Once we were done with our calls, I ran up to the helm and prepared to leave. When I returned to the salon, Mary Margaret was rushing around getting things ready also. However, I suggested that we wait a bit longer since the clouds coming over the mountain peak in front of us looked ominous. In a few minutes it was raining again. These rain cells are just popping up as they pass over Whitsunday Island and make their way here. The Met radar changes just about every minute regarding where the rain cells are.

After waiting two more hours, we called Infini and told them we were just staying put. They had motored over to the sand spit and walked it a bit. They said the water look very murky and without the sun, they really could not see the coral as they motored over it.

When they returned to our anchorage, we invited them over so Sundowners. We had a great time together and it was wonderful catching up after not seeing each other for two years. They too are doing the Sail Indonesia Rally so we look forward to getting together a number of more times.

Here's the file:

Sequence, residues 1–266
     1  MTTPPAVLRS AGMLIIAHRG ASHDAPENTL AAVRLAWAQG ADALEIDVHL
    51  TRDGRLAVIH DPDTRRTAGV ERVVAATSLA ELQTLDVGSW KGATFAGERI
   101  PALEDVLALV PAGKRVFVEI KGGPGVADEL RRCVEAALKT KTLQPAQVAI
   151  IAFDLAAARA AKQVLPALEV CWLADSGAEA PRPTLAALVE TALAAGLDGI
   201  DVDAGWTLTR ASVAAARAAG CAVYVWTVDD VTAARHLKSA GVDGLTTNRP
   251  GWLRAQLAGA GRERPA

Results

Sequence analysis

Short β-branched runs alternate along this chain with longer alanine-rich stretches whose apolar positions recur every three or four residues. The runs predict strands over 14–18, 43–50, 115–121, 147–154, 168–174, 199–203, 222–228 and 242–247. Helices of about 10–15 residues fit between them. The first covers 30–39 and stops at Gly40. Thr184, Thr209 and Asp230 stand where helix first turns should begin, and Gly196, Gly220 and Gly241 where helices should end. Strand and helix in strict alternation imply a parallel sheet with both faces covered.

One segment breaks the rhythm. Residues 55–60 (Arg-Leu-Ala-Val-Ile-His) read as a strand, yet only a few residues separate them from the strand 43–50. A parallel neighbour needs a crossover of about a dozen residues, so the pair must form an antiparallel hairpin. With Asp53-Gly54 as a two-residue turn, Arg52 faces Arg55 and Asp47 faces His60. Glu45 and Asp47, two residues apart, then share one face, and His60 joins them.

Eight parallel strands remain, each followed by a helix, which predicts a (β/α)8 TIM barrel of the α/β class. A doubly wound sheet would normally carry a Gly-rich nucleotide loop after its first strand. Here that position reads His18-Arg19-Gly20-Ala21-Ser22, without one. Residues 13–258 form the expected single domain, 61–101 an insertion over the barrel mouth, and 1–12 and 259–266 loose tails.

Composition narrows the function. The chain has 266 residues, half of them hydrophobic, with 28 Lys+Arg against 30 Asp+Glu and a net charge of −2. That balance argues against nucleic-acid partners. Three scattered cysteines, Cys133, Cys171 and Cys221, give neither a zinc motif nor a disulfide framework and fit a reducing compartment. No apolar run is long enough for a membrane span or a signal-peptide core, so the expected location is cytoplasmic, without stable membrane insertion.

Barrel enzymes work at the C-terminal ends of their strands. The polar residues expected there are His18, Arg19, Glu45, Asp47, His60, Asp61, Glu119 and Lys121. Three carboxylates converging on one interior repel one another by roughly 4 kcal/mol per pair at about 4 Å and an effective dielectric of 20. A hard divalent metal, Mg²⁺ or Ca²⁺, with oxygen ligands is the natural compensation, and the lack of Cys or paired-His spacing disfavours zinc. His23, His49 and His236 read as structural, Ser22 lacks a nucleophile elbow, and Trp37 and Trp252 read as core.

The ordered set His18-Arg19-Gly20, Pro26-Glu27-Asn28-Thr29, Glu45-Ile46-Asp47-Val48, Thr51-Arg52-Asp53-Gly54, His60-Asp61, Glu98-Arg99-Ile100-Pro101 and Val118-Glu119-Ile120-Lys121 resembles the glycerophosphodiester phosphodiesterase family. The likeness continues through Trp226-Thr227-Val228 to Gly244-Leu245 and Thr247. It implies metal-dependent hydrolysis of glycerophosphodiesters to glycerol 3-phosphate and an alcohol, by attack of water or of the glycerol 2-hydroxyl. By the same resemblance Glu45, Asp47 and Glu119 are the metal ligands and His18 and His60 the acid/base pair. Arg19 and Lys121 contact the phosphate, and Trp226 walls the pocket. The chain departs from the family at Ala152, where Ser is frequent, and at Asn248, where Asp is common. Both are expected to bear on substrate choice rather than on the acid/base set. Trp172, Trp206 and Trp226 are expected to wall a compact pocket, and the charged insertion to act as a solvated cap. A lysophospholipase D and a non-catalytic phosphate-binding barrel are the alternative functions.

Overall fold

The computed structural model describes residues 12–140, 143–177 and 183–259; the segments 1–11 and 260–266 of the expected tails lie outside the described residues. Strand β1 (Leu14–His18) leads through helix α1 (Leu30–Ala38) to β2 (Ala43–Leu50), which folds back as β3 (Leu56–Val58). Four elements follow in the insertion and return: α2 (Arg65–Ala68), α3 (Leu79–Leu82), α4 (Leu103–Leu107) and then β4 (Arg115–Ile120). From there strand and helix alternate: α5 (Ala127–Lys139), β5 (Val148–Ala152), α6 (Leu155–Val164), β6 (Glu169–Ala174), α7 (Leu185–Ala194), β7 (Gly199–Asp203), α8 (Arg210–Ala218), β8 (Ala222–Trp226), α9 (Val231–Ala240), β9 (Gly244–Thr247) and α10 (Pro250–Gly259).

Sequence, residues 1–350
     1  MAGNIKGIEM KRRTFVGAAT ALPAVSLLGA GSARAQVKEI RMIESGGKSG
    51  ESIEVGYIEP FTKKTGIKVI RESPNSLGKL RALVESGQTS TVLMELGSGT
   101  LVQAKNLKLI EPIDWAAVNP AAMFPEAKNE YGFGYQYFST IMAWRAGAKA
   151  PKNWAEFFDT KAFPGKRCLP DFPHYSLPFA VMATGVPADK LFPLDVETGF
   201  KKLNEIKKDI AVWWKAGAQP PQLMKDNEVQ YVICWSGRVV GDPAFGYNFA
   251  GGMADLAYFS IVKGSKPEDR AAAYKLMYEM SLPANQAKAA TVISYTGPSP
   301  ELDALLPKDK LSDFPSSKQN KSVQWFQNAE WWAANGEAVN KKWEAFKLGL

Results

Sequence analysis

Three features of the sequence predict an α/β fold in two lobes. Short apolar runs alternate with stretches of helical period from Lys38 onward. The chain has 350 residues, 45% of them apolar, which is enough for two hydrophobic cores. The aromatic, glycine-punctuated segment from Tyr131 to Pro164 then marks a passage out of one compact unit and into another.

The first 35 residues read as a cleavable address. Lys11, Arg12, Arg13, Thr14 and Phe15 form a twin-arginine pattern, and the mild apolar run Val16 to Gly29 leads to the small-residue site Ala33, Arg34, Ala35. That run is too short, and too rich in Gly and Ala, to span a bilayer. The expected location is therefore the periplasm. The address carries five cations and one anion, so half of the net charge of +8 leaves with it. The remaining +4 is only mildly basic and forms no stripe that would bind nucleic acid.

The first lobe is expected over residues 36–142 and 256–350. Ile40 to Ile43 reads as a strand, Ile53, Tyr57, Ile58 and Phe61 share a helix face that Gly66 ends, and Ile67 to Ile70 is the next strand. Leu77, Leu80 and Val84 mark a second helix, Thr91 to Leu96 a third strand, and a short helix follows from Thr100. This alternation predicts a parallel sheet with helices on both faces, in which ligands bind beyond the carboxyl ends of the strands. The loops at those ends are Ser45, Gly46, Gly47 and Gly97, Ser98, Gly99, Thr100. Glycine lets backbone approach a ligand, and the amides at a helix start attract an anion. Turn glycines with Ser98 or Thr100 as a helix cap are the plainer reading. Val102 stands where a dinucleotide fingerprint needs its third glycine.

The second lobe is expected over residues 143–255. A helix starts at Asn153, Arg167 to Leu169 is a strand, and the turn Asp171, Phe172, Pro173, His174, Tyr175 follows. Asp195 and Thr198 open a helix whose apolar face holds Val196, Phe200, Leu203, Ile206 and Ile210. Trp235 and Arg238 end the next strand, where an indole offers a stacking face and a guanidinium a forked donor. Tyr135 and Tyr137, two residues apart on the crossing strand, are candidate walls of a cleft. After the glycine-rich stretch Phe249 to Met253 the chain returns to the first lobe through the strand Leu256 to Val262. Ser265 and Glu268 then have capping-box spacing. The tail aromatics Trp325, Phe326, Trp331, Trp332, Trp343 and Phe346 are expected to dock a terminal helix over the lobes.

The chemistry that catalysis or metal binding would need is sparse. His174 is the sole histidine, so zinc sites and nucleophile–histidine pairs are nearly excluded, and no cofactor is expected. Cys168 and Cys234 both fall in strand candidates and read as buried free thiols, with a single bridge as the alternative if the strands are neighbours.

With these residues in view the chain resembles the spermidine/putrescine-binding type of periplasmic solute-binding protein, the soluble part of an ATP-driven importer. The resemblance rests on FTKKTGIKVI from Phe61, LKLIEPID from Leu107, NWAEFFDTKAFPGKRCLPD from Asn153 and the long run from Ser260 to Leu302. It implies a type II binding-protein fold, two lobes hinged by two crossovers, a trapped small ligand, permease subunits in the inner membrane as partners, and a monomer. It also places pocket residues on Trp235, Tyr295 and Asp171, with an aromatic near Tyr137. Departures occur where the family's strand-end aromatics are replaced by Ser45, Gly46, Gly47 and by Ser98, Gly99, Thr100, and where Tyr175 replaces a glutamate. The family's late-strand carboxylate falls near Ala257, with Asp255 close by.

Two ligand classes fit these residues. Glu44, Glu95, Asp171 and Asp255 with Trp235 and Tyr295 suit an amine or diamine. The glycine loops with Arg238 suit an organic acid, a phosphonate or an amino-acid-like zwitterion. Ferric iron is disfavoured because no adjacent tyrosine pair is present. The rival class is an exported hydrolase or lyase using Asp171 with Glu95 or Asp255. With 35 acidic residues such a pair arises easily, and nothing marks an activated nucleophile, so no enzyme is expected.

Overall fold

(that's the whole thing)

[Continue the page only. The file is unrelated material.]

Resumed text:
Techno-Tip Of The Week: Grease Those Tools

When you get ready to start your cruising life, you will be sure to bring with you every tool in your tool box. You will end up using each one sooner or later. However, you will quickly discover that they will start to corrode the minute you have them on your boat. The salt air and water environment is just so conducive to the corrosion of metals that it is next to impossible to prevent.

However, if you start early, you can go a long way in slowing down the corrosion process. What I do is I wipe or spray a little CRC Lanolin onto each tool. This coats the surfaces and protects the metal. Before I use each tool, I may have to use a rag and wipe it off a bit but the tool is in good shape and ready to use.

Year 5 Day 108 A Teaser Day
Dave/Weather...Just Read The Blog...
05/18/2012, Stonehaven Anchorage, Hook Is. AU